Common Wealth Endeavors previewed Small and Tired, a new play by Australian author Kit Brookman, last night at Common Ground Theatre. The official opening is tonight, and the run extends through Jan. 23.  Directed by Gregor McElvogue and starring Jane Holding, Justin Brent Johnson, Justin Peoples, Linh Schladweiler and Laurel Ullman, the play reworks the Ancient Greek myths surrounding the house of Atreus, setting them in a very recognizable landscape: the suburban back yard. tickets@fromcommonwealth.com  919 410 8631. Review coming here next week.

There’s lots more! Check your local calendars.

A New Play On An Old War: The ArtsCenter premieres commissioned work INTO THE BREACH

Opening tonight at the Carrboro ArtsCenter: INTO THE BREACH, Ian Bowater’s new play, commissioned by the ArtsCenter for its season examining World War I. Bowater, who is English and has had a long career in theatre and film, has crafted a thoughtful play centered on a group of “Shakespeare’s Boys” and their schoolmaster from Stratford-on-Avon, who all leap or are pulled into the vortex of the war.

Left to Right: Jeb Brinkley, Brandon Rafalson, Justin Johnson, Peter Vance, David Hudson portray men from Avon who take the one-way trip to war. Photo: courtesy of Jason Abide.

Left to Right: Jeb Brinkley, Brandon Rafalson, Justin Johnson, Peter Vance, David Hudson portray men from Avon who take the one-way trip to war.
Photo: courtesy of Jason Abide.

After Taylor Mac’s flippant brief gloss on WWI in his recent performance in Chapel Hill, Bowater’s play is refreshingly serious. Its characters are more types than individuals (I saw a dress rehearsal), but they are real types (including the very English proto-Nazi), and through them we can glimpse the way those types both shape and are shaped by large historical forces. They are the men–the glorious dead–whose names etch memorials in every English village and town, and in towns all over the then far-flung British Empire.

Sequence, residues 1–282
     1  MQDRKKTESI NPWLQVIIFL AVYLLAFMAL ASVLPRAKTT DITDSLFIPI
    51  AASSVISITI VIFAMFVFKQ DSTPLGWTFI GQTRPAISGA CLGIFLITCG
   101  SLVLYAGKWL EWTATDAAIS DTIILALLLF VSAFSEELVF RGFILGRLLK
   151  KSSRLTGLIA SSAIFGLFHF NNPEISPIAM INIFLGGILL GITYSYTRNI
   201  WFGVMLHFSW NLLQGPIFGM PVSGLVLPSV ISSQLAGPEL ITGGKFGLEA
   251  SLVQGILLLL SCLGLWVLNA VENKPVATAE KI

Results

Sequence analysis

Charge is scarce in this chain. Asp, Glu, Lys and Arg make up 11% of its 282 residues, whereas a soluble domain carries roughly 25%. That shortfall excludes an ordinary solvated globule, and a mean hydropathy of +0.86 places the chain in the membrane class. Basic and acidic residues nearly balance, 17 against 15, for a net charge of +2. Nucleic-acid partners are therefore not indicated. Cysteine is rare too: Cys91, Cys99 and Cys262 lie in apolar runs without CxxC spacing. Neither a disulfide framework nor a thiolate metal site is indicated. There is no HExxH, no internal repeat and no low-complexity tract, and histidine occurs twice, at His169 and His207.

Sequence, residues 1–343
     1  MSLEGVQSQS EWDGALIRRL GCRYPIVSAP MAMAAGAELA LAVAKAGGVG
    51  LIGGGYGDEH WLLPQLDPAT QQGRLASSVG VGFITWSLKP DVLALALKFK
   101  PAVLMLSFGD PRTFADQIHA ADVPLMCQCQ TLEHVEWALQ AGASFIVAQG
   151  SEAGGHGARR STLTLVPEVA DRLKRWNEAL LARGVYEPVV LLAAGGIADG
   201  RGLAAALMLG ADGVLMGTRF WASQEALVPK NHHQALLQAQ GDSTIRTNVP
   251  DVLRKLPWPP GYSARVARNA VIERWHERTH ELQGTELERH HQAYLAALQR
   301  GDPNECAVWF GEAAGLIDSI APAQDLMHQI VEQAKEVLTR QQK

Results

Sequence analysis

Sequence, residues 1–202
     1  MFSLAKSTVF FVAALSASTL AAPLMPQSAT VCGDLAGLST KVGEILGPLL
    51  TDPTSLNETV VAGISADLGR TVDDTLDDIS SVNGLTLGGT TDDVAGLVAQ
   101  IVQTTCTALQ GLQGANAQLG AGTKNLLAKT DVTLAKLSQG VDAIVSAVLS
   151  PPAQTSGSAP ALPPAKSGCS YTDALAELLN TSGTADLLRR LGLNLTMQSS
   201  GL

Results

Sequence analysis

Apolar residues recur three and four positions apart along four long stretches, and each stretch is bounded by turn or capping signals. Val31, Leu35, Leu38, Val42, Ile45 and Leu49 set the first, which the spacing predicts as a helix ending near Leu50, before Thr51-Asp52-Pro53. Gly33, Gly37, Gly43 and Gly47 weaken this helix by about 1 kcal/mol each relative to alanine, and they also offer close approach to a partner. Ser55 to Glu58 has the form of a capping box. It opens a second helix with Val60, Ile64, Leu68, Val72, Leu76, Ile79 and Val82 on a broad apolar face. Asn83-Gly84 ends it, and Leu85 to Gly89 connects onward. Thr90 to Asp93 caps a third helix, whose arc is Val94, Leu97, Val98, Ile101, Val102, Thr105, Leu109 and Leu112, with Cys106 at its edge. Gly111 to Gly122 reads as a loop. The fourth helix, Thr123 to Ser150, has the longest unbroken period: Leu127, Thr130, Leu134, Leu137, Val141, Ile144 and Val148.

The boys studied and played Shakespeare’s Henry V at school, and in this play, they study it again as they prepare a show for the other men at a hospital not far from the battlefront. The play reveals different things to the men now, and they find the leaden tones along with the golden in the great speeches, as they grapple with the (im-)morality of Realpolitik. They are joined by Laurel Ullman as Nurse Ailey/the Angel of Mons.

Director Gregor McElvogue, also British, brings his skill at eliciting both the brutish and the bruised from the performers, and with his usual careful reserve, gives us a fresh context for the war that did not end all wars. The waste of that war becomes more poignant and pitiful when we see it driven (in part) by the pride of “the men of Agincourt,” “the band of brothers,” who had so recently celebrated the harvest with song and beer.

The big surprise of the show is the songs. The cast does a wonderful job, from the harvest songs to popular ditties (inky-dinky parlez-vous!), and the song and dance routines make the pall all the darker in contrast.

The show runs Oct. 10-12 and 16-19.